After threatening to hold the Department of Homeland Security budget hostage to demands that President Obama reverse his executive actions preventing the deportation of certain undocumented immigrants, Boehner and House Republicans eventually relented, as most political observers expected all along they would. This has become a familiar pattern.
Former Los Angeles Mayor Antonio Villaraigosa's announcement earlier this week that he will not run next year for the U.S. Senate seat being vacated by the retiring Barbara Boxer came as something of a surprise, at least at this early date.
At a time when stark achievement gaps remain unresolved, when increased funding in education is more badly needed than ever, and when too many schools are seeking to exempt English language learners from their accountability systems, H.R. 5 threatens to exacerbate the educational inequities that have long held back Latino students in our schools.
As long as Republicans keep opposing policies that most Latinos and Americans as a whole support, it's unlikely the Libre Initiative will have much success. But given the deep support and huge bank accounts of its two most important funders, the threat posed by Libre is one that we should all take seriously.
By attempting to repeal President Obama's executive action through both the courts and the Department of Homeland Security funding bill, Republicans are taking the wrong approach to immigration reform.
Low income working families seeking to simply pay the bills confront an array of challenges these days. "Payday lenders" are taking advantage of a borrower's precarious financial state and profit from pushing low-income families deeper into debt and poverty.
Despite Rep. Steve King's anti-immigrant bile, plenty of potential GOP presidential candidates took part in his Iowa Freedom Summit. Chris Christie, Rick Perry, Mike Huckabee, Rick Santorum, Ted Cruz, and Ben Carson all showed up. That they would associate with King raises legitimate questions about their judgment and whether they're presidential material.
I am also remembering my moment with Mom and César Chávez for another reason: I am angry. I am angry that the very Antiquities Act, which gives presidents power to set aside National Monuments, is about to be gutted.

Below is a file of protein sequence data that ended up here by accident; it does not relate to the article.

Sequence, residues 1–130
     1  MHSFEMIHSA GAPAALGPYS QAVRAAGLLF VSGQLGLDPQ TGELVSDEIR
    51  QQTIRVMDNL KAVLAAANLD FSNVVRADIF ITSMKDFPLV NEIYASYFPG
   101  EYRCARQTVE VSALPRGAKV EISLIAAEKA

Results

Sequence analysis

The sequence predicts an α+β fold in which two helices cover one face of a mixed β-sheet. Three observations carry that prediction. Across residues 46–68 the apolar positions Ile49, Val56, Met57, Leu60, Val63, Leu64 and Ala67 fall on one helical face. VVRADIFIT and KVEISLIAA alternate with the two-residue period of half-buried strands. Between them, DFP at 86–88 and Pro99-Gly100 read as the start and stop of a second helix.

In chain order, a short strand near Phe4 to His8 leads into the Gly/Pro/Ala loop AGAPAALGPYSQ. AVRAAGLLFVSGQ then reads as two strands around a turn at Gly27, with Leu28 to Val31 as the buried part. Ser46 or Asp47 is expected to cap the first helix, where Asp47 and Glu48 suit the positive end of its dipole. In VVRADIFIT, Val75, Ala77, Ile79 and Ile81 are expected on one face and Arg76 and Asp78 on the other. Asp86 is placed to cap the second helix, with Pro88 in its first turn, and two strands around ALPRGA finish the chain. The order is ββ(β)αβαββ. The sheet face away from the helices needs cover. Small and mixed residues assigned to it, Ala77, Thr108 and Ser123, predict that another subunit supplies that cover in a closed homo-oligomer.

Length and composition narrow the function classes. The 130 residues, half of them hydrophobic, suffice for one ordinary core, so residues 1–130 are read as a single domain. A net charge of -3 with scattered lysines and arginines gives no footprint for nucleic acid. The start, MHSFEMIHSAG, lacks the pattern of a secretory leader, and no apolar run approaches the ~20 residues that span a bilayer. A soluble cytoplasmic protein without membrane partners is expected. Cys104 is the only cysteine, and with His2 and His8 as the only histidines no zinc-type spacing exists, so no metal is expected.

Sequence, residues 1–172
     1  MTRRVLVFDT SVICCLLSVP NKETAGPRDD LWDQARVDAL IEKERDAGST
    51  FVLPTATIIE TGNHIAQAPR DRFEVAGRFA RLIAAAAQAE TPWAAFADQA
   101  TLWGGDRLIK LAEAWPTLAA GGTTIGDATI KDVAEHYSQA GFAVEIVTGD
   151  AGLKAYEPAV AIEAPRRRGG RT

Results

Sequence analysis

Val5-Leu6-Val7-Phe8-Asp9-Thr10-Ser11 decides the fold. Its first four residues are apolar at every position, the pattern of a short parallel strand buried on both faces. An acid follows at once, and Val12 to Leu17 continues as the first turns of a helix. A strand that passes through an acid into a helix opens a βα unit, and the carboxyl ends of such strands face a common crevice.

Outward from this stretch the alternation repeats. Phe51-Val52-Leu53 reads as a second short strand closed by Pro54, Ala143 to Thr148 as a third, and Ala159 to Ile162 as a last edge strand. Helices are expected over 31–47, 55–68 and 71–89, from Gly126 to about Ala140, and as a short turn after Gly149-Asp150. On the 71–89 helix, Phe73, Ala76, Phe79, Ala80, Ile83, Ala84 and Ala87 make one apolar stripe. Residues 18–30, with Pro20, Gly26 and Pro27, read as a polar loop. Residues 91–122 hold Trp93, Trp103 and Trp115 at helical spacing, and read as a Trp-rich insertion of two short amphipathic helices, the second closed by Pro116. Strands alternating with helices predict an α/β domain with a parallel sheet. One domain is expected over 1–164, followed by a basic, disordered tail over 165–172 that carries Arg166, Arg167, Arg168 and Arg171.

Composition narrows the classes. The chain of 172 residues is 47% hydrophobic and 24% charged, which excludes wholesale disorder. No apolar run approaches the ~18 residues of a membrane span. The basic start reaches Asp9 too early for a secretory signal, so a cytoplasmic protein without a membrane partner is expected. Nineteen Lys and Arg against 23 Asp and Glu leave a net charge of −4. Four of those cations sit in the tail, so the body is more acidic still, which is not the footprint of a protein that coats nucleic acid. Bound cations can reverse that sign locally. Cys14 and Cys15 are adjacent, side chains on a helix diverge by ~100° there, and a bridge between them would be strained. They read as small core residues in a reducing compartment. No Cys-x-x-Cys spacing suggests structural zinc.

We still have the better part of one year before the Iowa Caucuses and things can change, but it is very hard to imagine the potential GOP candidates moving towards a more moderate or pro-immigration reform position as they attempt to woo Republican primary voters.
Of the various domestic policy prescriptions of President Obama's 2015 State of the Union address, one message stood out clearly: though the economy has improved significantly since the darkest days of the Recession, the nation still has much work to do when it comes to reducing economic inequality.
Limiting the pollution that causes climate change by getting us away from coal burning power plants and moving us towards a clean energy future is a critical step in tackling this crisis and the problems that come with it.
As the film Selma screens nationwide to critical acclaim, police from Clarke County arrested nine students on Friday evening in Athens, Georgia, for organizing the first "integrated classroom" for both undocumented and documented youth at the University of Georgia.
The country's Hispanic future is rapidly coming of age. One million new adult Hispanics in 2015 is just the latest milestone that shows us every day the growing power of their influence. Smart business and politicians will embrace this change, if they wish to seek their own growth and influence.
It's been nearly a year since Fox News personality Laura Ingraham tried to float the false idea that Puerto Ricans are not just as American as the rest of us.
Before the ink was dry on the 2014-midterm election results, talk shifted to 2016. For the first time in eight years, both parties will be nominating fresh representatives who will attempt to sell their vision to an electorate largely disenchanted with both Democrats and Republicans.
What if I told you that the cure for cancer will come from the mind of a Hispanic girl in South Central Los Angeles? Or that the invention that will replace the Internet will come from the imagination of a Black boy from Harlem?